H.R. 91: Veterans Identification Card Act 2015

The Veterans Identification Card Act of 2015 has passed the House and Senate and will be sent to the President. It will require the department of Veterans Affairs to issue veteran identification cards upon request. These cards were serve in place of the current paper DD-214 forms. Bill sponsor Rep. Vern Buchanan (R-FL16) issued a press release following House passage ...

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Overview

Introduced:

Jan 6, 2015
114th Congress, 2015–2017

Status:

Enacted — Signed by the President on Jul 20, 2015

This bill was enacted after being signed by the President on July 20, 2015.

Law:

Pub.L. 114-31

Sponsor:

Vern Buchanan

Representative for Florida's 16th congressional district

Republican

Text:

Read Text »
Last Updated: Oct 11, 2016
Length: 3 pages

History

Jan 6, 2015
 
Introduced

This is the first step in the legislative process.

May 18, 2015
 
Passed House

The bill was passed in a vote in the House. It goes to the Senate next.

Jun 22, 2015
 
Passed Senate with Changes

The Senate passed the bill with changes not in the House version and sent it back to the House to approve the changes. The vote was by Unanimous Consent so no record of individual votes was made.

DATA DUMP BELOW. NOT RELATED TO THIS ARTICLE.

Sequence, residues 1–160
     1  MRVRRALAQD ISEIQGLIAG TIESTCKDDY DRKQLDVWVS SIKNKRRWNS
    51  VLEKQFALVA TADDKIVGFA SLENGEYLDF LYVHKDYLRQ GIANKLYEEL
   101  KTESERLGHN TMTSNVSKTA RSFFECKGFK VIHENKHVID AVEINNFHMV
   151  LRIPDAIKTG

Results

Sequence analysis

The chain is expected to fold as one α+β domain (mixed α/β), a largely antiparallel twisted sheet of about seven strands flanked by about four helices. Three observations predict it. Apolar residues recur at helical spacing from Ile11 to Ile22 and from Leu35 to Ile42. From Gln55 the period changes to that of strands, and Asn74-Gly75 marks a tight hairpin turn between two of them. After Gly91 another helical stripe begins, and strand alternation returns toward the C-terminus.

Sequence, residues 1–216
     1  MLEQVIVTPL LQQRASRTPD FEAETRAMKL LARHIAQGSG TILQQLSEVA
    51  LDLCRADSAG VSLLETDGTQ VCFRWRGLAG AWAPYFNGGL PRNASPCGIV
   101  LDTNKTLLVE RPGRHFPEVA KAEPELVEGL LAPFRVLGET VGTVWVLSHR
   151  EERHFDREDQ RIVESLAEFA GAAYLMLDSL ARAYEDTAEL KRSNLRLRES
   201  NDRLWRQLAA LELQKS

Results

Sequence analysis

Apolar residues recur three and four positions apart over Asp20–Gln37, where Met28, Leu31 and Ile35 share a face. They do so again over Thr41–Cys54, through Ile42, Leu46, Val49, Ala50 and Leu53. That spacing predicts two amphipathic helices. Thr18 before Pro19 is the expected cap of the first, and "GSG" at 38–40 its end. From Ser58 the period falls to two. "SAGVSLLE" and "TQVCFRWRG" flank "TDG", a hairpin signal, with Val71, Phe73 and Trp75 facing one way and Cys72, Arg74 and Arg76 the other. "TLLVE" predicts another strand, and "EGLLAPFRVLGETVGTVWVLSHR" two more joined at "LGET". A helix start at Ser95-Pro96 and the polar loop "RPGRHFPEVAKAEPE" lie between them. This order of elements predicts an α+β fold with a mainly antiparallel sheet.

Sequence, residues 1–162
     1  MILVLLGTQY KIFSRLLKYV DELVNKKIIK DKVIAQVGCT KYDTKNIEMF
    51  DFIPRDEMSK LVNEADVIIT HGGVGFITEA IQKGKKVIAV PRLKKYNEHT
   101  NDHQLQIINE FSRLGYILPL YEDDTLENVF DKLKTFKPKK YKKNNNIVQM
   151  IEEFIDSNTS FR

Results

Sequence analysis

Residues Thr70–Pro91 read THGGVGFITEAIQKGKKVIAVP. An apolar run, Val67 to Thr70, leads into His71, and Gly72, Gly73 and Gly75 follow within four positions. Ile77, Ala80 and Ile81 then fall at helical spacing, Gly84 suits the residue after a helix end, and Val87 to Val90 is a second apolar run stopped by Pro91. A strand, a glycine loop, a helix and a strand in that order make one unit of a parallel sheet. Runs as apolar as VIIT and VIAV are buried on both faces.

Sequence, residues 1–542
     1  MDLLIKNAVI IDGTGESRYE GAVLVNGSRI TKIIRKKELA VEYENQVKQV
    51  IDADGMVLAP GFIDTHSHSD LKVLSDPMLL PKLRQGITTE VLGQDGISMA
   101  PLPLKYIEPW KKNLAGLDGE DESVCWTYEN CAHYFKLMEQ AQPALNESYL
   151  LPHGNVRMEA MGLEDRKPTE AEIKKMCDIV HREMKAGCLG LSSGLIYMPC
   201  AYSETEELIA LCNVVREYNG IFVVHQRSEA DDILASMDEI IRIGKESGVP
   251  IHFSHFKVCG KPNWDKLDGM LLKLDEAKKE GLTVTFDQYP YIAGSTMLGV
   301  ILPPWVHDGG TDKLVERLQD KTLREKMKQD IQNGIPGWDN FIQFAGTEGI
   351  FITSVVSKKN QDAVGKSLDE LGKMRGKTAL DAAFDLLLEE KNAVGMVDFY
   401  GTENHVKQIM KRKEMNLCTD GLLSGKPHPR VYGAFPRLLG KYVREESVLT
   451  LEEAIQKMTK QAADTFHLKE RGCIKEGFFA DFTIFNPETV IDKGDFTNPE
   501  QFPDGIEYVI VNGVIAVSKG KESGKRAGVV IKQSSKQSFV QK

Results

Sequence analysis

Jul 7, 2015
 
House Agreed to Changes

The bill was passed by both chambers in identical form. It goes to the President next who may sign or veto the bill.

Jul 20, 2015
 
Enacted — Signed by the President

The President signed the bill and it became law.

H.R. 91 is a bill in the United States Congress.

A bill must be passed by both the House and Senate in identical form and then be signed by the President to become law.

How to cite this information.

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“H.R. 91 — 114th Congress: Veterans Identification Card Act 2015.” www.GovTrack.us. 2015. December 7, 2016 <https://www.govtrack.us/congress/bills/114/hr91>

Where is this information from?

GovTrack automatically collects legislative information from a variety of governmental and non-governmental sources. This page is sourced primarily from Congress.gov, the official portal of the United States Congress. Congress.gov is generally updated one day after events occur, and so legislative activity shown here may be one day behind. Data via the congress project.